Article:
3. Great article! I liked all the questions that you asked of the midwives/doctors. As a maternity nurse, I try to make sure that I can answer any and all questions about what is going on, preferable as it is happening, but if not as soon as possible following the birth. In my unit in particular, I can say that there are some Drs that have a “certain way” of doing things, for instance directed pushing, and they are not likely to change any day soon. So my way to help through this is to talk about this as we get closer to the delivery and address concerns questions ASAP. And do I disagree with the directed pushing, in theory – yes, in practice with this particular OB – no because I have seen the success that he has with this method. Most of his patients, even primips give birth with no episotomies and no or minor tears due to the perineal massage he uses during pushing and most give birth in less than an hour. He is encouraging and supportive and is always open to discussion as to how he does things. And discussed on another article, I like women to PREPARE for the birth they want, to do everything they can or want to lead toward the positive experience they desire. I will do everything in my power to help them use what they learned to get them a positive experience, but it is hard for me to follow a “plan.” I want us to work together through the bumps in the road to get to a space she can feel positive about.

    • Hi Charlene, I gather from your comments that you work in the US? Thank you for taking time to add your thoughts! We all see different practices-in all countries, states, towns, services. Some make our hearts sing, others less so. It’s encouraging that you try to encourage and support women in your care, and I love your analogy of working together on a bumpy road. Great stuff. Keep strong and keep up the brilliant work!
      Sheena 🙂

      • I actually work in Northern British Columbia, Canada. We don’t have a lot of options for women up here for care providers. The closest midwife is 1 1/2 hours away at least and in a different province. So you have the choice of General Practitioner Doc or an OB. We are the central site for many communities that no longer do obstetrical care. Some women drive almost 2 hours to see a doctor or to have their baby at our hospital. Presents alot of interesting problems and successes. Our group (nurses and doctors) try really hard to provide an environment that women want to have their babies in. And out work is paying off because last year we were #1 in Northern Health and #5 in British Columbia for providing maternity care (as named by our patients). Thanks for the great articles!!

  4. Thanks for a thought provoking post on a topic I spend a lot of time thinking about and discussing. I agree – it is very complex. Women are ‘preparing’ for a physiological birth and then attempting to do it within a system that is set up to manipulate them to fail. Once women step into the system during the’ vulnerable’ experience of birthing, the cultural (ritual – my thesis was about this) influences are stronger than any preparation or previous resolve could be. This should be the focus of childbirth preparation for women birthing outside their home – how to navigate the system, legal rights, how cultural influences impact on birth, etc. They don’t need to know how their cervix opens or how to breathe. Just my thoughts 🙂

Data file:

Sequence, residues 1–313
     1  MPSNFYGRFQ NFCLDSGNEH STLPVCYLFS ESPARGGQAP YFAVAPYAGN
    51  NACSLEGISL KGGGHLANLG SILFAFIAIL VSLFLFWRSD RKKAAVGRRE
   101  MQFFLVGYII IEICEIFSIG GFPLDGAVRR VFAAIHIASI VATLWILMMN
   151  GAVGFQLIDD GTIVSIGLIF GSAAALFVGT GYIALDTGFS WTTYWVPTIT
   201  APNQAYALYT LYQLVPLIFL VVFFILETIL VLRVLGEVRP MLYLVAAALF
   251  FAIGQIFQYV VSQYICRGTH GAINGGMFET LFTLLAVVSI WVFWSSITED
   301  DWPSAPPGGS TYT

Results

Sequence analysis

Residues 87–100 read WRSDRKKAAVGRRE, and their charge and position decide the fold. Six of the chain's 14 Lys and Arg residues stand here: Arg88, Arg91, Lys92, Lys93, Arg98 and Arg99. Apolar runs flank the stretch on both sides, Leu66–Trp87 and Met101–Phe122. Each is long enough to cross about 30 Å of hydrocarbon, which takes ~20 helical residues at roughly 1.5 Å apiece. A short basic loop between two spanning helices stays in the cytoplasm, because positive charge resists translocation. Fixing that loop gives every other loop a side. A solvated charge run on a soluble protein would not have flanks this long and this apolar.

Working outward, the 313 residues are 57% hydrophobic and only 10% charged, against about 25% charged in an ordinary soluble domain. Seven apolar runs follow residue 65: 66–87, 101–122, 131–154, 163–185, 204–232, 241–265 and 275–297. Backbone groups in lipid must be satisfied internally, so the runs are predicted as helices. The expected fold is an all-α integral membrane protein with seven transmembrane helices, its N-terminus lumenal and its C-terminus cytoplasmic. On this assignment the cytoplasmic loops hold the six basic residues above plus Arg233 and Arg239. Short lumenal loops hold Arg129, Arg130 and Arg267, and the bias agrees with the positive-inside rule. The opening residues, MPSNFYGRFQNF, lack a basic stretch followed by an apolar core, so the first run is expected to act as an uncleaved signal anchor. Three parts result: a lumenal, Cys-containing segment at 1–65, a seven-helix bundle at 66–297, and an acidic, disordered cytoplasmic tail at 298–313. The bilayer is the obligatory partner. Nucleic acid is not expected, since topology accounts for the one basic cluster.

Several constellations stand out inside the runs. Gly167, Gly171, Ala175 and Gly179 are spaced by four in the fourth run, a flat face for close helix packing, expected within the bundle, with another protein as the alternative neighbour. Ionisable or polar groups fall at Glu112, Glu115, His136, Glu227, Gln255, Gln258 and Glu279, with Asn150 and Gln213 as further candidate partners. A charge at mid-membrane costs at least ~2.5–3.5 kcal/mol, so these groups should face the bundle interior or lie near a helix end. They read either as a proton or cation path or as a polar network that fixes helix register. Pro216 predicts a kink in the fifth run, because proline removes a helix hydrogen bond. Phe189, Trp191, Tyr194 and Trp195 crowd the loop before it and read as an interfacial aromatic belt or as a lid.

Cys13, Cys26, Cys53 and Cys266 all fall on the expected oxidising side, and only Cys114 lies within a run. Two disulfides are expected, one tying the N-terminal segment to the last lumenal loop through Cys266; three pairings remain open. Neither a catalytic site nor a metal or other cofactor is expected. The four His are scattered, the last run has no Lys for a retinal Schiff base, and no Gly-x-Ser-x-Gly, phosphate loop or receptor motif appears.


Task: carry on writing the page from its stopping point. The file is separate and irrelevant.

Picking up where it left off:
• Hi Rachel, I couldn’t agree more. Even recently when I was with my daughter during labour (and I was a senior midwife in the service until I left) I felt vulnerable at times, and she did most of the time. Because we knew and trusted her main care givers it was mostly extremely positive, but there were some blips in between…when things nearly went out of control. So even the most confident, strongest, knowledgable women and partners can be consumed by the system. I have to agree with one of the previous comments, we must keep asking WHY? Because very often there isn’t a valid explanation.

      Thanks so much for joining in,

      Sheena 🙂

  5. If your friend’s daughter had 1-on-1 midwifery care maybe the cascade of intervention may not have happened as it did? Though the rates of intervention in NZ show that more is needed to turn the tsunami that is disturbed, technological maternity ‘care’! The birth story most women across the world tell demonstrate widepsread lack of understanding/appreciation and experience of undisturbed birth especially by those who should ‘know’.
    The hormone Oxytocin was so named as it means fast birth and when produced naturally it has no side or adverse effects. If our culture understood how to produce it naturally women could rescue themselves as well as be healthy and happy after their birth!

    • Thanks for your comment Denise! Lots to be done, and each day there are more revelations of the benefits of endogenous Oxytocin, for mother and baby. I think one day, society will look back and ask ‘why’ did we use so many synthetic hormones?
      Sheena 🙂